Carney Will Allow Inflation Overshoot as Growth PrioritizedBy and
BOE governor has previously said more stimulus may be needed
Officials are not indifferent to pound level, Carney says
Mark Carney said he’ll tolerate an overshoot of the Bank of England’s inflation target, suggesting that supporting economic growth remains the priority after the Brexit vote.
The comments come amid a sharp drop in the pound that’s pushed up import costs and sent inflation expectations to the highest since early 2014. While Carney and a majority of BOE policy makers have said they’ll support another rate reduction this year, forecasts for a rapid acceleration in inflation could stay their hand.
Even with early signs of price rises, Carney didn’t rule out the potential for more stimulus. He said the outlook for unemployment means that measures so far -- the BOE cut its benchmark in August and restarted quantitative easing -- are justified.
“Our judgment in the summer was that we could have seen another 400,000-500,000 people unemployed over the course of the next few years,” he said at an event on Friday in Nottingham, England. “So we’re willing to tolerate a bit of overshoot in inflation over the course of the next few years in order to avoid that situation, to cushion the blow.”
Carney also said that while the BOE doesn’t target the exchange rate, its level matters for inflation and how policy makers assess the economy.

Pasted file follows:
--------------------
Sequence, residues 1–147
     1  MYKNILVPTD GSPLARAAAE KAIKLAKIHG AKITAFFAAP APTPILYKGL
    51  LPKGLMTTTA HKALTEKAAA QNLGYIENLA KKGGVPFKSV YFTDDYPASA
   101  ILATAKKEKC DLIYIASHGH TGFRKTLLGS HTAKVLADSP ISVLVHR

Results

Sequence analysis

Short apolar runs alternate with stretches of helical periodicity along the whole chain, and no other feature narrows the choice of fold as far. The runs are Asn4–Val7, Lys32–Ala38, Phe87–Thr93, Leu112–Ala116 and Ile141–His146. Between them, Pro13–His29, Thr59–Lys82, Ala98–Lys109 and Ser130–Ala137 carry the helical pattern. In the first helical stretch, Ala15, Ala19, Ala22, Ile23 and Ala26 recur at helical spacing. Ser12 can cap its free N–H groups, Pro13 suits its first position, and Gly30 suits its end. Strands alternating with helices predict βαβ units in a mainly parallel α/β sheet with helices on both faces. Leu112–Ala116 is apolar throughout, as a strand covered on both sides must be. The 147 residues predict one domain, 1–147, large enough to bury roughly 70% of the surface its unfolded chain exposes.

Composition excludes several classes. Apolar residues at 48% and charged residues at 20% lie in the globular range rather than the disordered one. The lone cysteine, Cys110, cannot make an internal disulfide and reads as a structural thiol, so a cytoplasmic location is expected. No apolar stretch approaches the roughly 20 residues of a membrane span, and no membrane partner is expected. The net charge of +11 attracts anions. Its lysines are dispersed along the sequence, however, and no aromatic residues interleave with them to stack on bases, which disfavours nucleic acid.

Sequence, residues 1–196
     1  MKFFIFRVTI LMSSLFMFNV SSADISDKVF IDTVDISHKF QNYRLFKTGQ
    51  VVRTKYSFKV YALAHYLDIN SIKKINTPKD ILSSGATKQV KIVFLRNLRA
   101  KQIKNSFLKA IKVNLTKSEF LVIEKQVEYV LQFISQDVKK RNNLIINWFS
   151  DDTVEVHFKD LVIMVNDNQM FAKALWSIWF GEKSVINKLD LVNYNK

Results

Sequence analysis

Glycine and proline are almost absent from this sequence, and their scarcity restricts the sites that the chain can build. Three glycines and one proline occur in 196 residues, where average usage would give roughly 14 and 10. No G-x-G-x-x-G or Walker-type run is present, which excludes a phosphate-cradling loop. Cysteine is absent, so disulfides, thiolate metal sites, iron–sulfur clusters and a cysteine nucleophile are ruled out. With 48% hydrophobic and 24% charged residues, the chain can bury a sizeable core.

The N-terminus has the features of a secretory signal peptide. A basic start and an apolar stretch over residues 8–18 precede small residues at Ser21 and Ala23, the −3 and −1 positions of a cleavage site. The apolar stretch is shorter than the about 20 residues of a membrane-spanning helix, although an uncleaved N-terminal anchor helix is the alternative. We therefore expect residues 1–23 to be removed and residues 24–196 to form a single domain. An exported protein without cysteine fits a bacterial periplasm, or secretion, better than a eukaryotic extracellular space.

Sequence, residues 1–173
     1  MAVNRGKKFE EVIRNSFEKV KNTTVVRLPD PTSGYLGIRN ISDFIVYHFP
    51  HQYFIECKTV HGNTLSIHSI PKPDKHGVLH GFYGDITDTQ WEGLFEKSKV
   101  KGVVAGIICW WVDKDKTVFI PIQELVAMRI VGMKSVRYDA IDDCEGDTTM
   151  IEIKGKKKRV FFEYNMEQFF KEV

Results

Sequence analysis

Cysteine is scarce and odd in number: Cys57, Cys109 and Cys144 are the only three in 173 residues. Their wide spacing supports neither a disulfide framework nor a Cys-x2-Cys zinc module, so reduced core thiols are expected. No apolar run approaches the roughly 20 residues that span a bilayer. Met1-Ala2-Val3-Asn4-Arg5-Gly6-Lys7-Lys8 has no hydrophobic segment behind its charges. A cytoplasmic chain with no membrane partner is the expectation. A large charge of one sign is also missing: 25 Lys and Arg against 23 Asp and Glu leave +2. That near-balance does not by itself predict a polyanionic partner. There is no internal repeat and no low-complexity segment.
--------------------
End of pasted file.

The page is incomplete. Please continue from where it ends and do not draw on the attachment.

“Our job is not to target the exchange rate, our job is to target inflation,” he said. “That doesn’t mean we’re indifferent to the level of sterling. It does matter ultimately to where inflation is and over the course of two or three years out, it matters to the conduct of monetary policy.”
With the currency down almost 2 percent this week, and 18 percent weaker since the June 23 vote to quit the European Union, that will play into the BOE’s new forecasts, which it will publish alongside its policy decision on Nov. 3. Deputy Governor Jon Cunliffe said this week the projections will be “very important” and take into account the latest swings.
U.K. inflation was just 0.6 percent in August, well below the BOE’s 2 percent goal. But the central bank’s last projections saw it rising above that level next year. Economists at JPMorgan Chase & Co. see it reaching 2.6 percent by the second quarter of 2017.
Monetary Policy Committee member Kristin Forbes, speaking at a separate event in Warsaw, said the U.K. might overshoot its inflation target “sharply” in the next two years. She voted against some of the BOE’s August stimulus measures, and said on Friday that she was concerned the pound could depreciate further from “too aggressive an easing.”
Carney was speaking to charities and business groups, part of a tour of the Midlands by the bank’s most senior officials as they try to boost public trust in the institution. The visits come a week after Prime Minister Theresa May added her voice to the criticism of loose monetary policy by saying it has had “bad side effects.”
Asked about the dividing line between politics and the BOE, Carney said government defines the bank’s remits, but he and his colleagues act independently.
“Politicians have done a very good of setting up the system. Where it can be difficult some time is if there are political comments on our policies as opposed to political comments on our objectives,” he said. “The objectives are what are set by the politicians, the policies are done by technocrats. But we’re not going to take instruction on our policies from the political side.”
Carney acknowledged that the U.K.’s recovery since the recession after the financial crisis hasn’t benefited everyone.
“The fruits of the U.K. recovery have not been evenly shared,” he said, citing London and the South East as regions that have seen the most benefit.